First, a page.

My recent return to the Iron Range took me through terrain roughly called “south of Aurora” which prompted a recollection.


I doubt I stood out as a teen; meaning I was often effectively innocent; more often basically useless. This is a period medical books should term as adolescent male lunacy. Insane is the only explanation I can give for why three boys of fourteen would pursue our plan. Crazy also fits the origin of the idea which seemed to arise from nowhere and was based on a secret about a woman living way off in the country who would do what was needed to make a boy into a man. You see, from its first inception we three were in well over our heads, but when drowning in hormones you don’t necessarily own the resources to be reasonable. Paying a price for name, location, phone number, and cost for undetailed services and then holding that precious secret in hand on a scrap of paper sent the hormone carnival into riot. The basics were this. All we had to do was get there. For five dollars in cash (or beer) we’d become men. What more was there?


In the late 50’s five dollars was a modest fortune for a boy. The beer part, more masculine by far than mere money, was a lot harder for us to wrangle than the slightly more than twelve dollars we scraped together in hope we’d be so charming the lady would grant a discount or if nothing else give a wholesale rate. You see how practical the financial side of this was and how well thought out. Cash and carry was the strong area of our plan considering we had no means other than bikes to go over twenty miles to the mating ground of migratory boys. On paved roads I was a shoe-in for five to ten mile trips. I did one-way trips of such distance almost weekly and had tested myself doing a long grind all the way to Biwabik and back which proved a lesson in leg muscles and crotch distress. Our Loveland destination was further than that and was mostly dirt road, definitely not the speediest or easiest for bike travel. With the wisdom of our age we decided we’d need four hours. How’s that for optimism? But then an unexpected stab of reason entered as the fat boy (in those days they were called “husky” but that meant the same as fat) of the trio was factored in. He was as good on a two wheeler as I on a unicycle. Allowing for that we decided five hours was needed to reach our goal of Halleluiah world. How practical we could be when needed.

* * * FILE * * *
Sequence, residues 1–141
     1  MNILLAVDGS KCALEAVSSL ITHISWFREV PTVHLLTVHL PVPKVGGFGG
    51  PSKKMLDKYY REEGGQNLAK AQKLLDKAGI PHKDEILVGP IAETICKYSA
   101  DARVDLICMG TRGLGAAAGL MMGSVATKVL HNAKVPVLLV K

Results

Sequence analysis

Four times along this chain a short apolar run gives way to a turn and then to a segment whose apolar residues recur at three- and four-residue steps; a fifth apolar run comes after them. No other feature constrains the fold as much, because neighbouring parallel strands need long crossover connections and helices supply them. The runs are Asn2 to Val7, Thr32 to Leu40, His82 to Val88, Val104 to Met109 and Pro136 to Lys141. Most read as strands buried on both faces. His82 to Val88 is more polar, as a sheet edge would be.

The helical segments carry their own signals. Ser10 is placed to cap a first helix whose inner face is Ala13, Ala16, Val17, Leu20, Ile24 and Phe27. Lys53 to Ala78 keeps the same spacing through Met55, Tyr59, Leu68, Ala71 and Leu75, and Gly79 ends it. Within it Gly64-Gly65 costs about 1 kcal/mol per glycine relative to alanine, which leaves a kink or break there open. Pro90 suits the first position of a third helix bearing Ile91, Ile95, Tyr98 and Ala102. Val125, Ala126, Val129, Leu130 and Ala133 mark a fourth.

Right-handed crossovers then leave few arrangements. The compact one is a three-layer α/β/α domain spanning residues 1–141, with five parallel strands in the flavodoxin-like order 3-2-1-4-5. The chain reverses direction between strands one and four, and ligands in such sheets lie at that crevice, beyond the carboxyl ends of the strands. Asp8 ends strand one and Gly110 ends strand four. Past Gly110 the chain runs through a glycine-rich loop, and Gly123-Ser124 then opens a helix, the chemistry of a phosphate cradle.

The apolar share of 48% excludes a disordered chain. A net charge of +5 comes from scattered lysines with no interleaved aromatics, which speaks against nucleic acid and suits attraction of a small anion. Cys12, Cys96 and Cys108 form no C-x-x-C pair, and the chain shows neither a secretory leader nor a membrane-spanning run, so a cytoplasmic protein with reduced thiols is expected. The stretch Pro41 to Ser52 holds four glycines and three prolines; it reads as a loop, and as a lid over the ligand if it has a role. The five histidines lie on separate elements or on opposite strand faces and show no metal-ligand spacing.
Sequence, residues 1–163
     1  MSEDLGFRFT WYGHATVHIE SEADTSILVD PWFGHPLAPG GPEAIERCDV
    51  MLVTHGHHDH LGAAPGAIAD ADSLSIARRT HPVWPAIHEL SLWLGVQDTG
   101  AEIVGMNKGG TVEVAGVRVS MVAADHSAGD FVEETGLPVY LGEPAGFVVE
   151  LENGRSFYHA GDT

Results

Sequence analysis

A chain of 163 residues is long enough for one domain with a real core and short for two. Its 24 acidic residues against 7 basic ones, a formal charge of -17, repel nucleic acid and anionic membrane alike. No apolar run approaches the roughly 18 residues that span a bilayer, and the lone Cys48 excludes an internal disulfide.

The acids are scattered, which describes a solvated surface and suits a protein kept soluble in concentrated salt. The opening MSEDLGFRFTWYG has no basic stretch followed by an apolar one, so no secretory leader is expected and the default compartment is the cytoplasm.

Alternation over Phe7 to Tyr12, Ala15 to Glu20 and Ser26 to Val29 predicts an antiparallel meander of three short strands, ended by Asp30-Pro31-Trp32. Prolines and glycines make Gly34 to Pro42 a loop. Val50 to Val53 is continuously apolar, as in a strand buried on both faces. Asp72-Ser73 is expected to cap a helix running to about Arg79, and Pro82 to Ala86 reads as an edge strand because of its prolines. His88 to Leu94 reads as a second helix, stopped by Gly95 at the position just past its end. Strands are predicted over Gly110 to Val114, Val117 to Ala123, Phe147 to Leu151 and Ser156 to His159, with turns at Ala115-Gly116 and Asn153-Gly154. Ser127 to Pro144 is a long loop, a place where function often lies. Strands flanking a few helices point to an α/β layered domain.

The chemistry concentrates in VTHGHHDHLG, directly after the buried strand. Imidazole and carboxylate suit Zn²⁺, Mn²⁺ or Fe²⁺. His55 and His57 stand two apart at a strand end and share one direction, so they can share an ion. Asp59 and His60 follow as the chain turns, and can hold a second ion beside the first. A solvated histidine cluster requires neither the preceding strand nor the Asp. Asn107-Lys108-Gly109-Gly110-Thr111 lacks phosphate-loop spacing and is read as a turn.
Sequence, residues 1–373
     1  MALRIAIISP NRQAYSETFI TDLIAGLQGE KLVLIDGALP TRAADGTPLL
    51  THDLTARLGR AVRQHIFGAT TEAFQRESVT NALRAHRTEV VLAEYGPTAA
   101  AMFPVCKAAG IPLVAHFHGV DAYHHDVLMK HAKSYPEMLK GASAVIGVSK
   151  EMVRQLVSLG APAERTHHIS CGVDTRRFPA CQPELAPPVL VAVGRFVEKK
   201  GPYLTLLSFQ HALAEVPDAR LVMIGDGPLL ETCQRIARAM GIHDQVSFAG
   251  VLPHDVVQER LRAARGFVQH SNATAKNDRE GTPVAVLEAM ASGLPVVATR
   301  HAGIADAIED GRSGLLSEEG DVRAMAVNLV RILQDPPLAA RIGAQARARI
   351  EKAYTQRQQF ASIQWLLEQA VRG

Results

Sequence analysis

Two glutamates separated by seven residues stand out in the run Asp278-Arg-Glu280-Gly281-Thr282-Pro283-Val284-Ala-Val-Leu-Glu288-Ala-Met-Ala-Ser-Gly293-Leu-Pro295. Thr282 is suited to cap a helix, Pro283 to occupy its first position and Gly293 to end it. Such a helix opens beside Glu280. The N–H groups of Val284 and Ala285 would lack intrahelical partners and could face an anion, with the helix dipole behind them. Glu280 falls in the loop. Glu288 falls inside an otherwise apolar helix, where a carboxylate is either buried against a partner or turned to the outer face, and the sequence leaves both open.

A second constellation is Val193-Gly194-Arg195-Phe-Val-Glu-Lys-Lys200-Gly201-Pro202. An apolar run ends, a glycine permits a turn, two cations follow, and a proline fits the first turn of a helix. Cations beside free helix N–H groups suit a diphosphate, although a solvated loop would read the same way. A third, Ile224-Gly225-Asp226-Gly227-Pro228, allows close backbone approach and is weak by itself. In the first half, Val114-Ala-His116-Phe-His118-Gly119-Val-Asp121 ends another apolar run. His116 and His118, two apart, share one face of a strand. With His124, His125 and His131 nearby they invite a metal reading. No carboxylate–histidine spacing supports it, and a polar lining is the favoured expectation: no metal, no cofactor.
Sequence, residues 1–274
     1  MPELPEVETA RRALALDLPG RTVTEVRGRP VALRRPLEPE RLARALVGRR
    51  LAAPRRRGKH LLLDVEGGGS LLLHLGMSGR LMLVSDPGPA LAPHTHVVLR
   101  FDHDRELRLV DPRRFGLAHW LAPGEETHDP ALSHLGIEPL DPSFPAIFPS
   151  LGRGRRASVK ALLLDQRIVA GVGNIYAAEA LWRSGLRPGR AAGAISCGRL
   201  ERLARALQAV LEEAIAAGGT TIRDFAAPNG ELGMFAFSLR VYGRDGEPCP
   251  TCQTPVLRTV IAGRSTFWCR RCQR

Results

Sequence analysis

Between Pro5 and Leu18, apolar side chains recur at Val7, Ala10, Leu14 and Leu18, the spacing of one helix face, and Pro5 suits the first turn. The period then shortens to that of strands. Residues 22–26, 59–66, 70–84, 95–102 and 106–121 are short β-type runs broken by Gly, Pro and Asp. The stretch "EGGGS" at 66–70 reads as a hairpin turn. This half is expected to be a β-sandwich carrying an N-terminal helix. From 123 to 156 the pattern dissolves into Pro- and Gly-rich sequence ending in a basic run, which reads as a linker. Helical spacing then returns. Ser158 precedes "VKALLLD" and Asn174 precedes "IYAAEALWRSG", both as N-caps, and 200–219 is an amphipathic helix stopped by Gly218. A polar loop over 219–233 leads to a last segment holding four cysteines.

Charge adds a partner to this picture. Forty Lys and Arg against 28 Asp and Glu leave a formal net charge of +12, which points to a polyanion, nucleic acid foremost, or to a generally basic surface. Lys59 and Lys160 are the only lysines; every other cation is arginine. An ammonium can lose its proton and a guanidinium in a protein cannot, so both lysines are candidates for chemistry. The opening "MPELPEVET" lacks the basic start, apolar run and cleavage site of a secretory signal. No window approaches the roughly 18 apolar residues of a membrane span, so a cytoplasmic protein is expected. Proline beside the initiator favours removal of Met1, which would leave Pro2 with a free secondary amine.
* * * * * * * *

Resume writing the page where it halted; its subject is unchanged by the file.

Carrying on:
Logistic detail may not have been our strong area. Knowing our parents was. Not one of us doubted for an instant that an early AM departure on bikes would not bring a third degree. The fat boy was rarely up before ten. If we were to return in time to eat (why miss that) we’d need to be near our destination by then. The only way to disguise our deception was with more of the same. Saying we were off on a camping trip we’d start at five AM, but rather than take tents and etc. all that way to slow us down we’d stash that stuff just out of town and pedal away free as a trio of blackbirds to our pickings. When push met shove we could be ruthlessly focused and intensely practical and still be in a full state of hormone crazies believing that after a feat we could barely imagine we’d pedal happily home, grab our gear, and sit down to dinner saying we changed our minds about camping. Everything was planned. Deception and alibi were (in terms of a fourteen year old mind) finely tuned. Leaving at five AM we should reach our far off destination by ten. Not knowing exactly where in that rural haven the end of our trek lay meant we’d need another hour for door-to-door inquiry. Three strange boys in unfamiliar territory looking for trouble; nobody would notice. And so what if we got yelled at or chased? We had bikes and no one there knew us. It was perfect. All we had to do was find her by 11:30 so that all three could walk the plank in turn. I realistic terms that meant we’d be able to leave for home by quarter of twelve. At the latest if she was so charmed and gave us two turns we’d be out by Noon. After that was the mere five hour sprint for home, pick up our stashed gear, and sit down to dinner at 5:30 as usual but wearing unfamiliar smiles.


We were ready, but it never happened. The hormone machine desired it to happen but an unwanted reality set us back. The slap in the face came from the contact call to set it up. Having an easily recognizable alto voice I left the call to one of the others able to do a passable Cagney. At the gas station so central to many of our devious plans he made the call from a pay phone that ate another buck of our collected funds and gave us nothing but a look on a boy’s face that would in later years be seen on Bud Bundy saying “She says she doesn’t have any cows and to stop calling.” In that moment we knew we’d been had. The teenager with pack of smokes rolled in his T shirt sleeve had taken an entire buck of our money and lied to us. We agreed he deserved the beating none of us were going to give him. Justice had to be left to fate. Aside from the lesson gained by kissing reality’s rump my sole reward was the small packet of protection bought in the gas station washroom. I never felt as grown-up or guilty as I did feeding precious quarters into a machine that finally spat out an item oversize in all ways but ambition. That reminder lingered in my wallet years before I threw the flat, desiccated, and no longer purposeful thing away.